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Clinicoecon Outcomes Res. 2014 Apr 8;6:187-96. doi: 10.2147/CEOR.S44079. eCollection 2014.

Economic evaluation of SQ-standardized grass allergy immunotherapy tablet (Grazax(®)) in children.

Author information

  • 1York Health Economics Consortium, York, UK.
  • 2ALK-Abelló A/S, Hørsholm, Denmark.
  • 3Ruhr-Universität Bochum, Bochum, Germany.



Grass pollen-induced rhinoconjunctivitis is a common allergic respiratory disorder affecting over 20% of the UK population in terms of quality of life and sleep, work, and school patterns. The SQ-standardized grass allergy immunotherapy tablet (AIT) has been demonstrated as a disease-modifying treatment which gives a sustained effect even after completion of a treatment course. The objective of this study was to provide an economic assessment of whether treatment with the SQ-standardized grass AIT, Grazax(®) (Phleum pratense) in combination with symptomatic medications is preferable to the standard of care using symptomatic medications only. The analysis was performed for children with grass pollen-induced rhinoconjunctivitis, with or without concomitant asthma, in the UK.


The model evaluated the two treatment regimens in a cohort of 1,000 children from a payer's perspective. Treatment was modeled in terms of management of symptoms, impact on resource use, and development of allergic asthma. The analysis modeled the use of SQ-standardized grass AIT and the sustained effects of treatment over a 9-year time horizon (ie, 3 years of treatment, with modeled long-term benefits). Data inputs were drawn from a recent clinical trial, published studies, and databases.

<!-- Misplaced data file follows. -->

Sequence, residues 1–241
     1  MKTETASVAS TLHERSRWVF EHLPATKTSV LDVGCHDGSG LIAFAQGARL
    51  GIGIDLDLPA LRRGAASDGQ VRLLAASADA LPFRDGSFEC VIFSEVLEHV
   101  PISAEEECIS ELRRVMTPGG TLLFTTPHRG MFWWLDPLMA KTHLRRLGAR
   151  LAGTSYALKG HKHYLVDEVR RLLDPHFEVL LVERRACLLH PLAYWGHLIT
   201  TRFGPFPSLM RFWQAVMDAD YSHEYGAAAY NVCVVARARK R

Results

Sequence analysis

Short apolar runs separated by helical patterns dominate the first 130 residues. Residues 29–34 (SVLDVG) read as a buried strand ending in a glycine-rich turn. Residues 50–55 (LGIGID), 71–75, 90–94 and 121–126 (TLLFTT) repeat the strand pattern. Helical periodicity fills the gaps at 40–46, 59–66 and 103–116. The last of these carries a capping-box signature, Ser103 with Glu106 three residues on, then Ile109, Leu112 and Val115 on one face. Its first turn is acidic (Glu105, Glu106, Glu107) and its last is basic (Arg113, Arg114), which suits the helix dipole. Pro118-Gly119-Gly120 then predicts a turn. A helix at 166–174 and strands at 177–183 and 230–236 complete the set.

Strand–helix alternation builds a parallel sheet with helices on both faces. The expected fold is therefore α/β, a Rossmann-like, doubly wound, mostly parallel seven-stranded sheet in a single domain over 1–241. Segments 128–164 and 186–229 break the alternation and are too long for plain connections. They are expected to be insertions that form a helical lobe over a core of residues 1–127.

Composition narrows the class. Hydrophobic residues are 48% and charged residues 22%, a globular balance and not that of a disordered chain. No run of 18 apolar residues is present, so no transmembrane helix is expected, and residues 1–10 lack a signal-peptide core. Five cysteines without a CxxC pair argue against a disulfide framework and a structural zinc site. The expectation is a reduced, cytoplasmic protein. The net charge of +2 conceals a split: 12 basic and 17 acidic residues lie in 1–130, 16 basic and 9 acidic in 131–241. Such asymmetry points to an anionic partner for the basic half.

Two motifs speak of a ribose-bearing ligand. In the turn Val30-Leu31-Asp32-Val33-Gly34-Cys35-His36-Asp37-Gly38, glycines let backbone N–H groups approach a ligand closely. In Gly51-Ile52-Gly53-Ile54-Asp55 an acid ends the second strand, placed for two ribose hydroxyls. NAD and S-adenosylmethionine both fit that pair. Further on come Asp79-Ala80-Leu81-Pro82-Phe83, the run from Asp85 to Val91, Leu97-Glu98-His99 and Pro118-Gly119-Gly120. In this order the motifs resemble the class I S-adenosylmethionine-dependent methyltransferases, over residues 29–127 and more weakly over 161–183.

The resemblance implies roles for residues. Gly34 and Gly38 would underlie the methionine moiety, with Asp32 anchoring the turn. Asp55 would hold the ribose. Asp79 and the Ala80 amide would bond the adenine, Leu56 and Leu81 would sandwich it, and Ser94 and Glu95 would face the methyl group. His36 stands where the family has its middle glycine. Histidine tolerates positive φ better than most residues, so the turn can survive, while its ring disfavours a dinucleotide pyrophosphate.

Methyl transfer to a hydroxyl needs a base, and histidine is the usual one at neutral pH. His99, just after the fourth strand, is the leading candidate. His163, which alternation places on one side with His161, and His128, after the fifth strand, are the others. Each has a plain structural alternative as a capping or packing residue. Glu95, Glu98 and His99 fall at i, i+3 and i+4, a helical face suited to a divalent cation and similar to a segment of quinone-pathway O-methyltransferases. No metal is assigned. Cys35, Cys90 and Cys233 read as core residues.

SQ-standardized grass AIT improves patient outcomes, generating an incremental cost per quality-adjusted life year gained of £12,168. This is below commonly accepted thresholds in the UK.


The resulting incremental cost per QALY falls below commonly accepted willingness to pay thresholds. Therefore, the SQ-standardized grass AIT is a cost-effective option for the treatment of grass pollen-induced rhinoconjunctivitis in the UK pediatric population.


United Kingdom; cost; cost-benefit; cost-effectiveness; infant; quality of life; rhinoconjunctivitis

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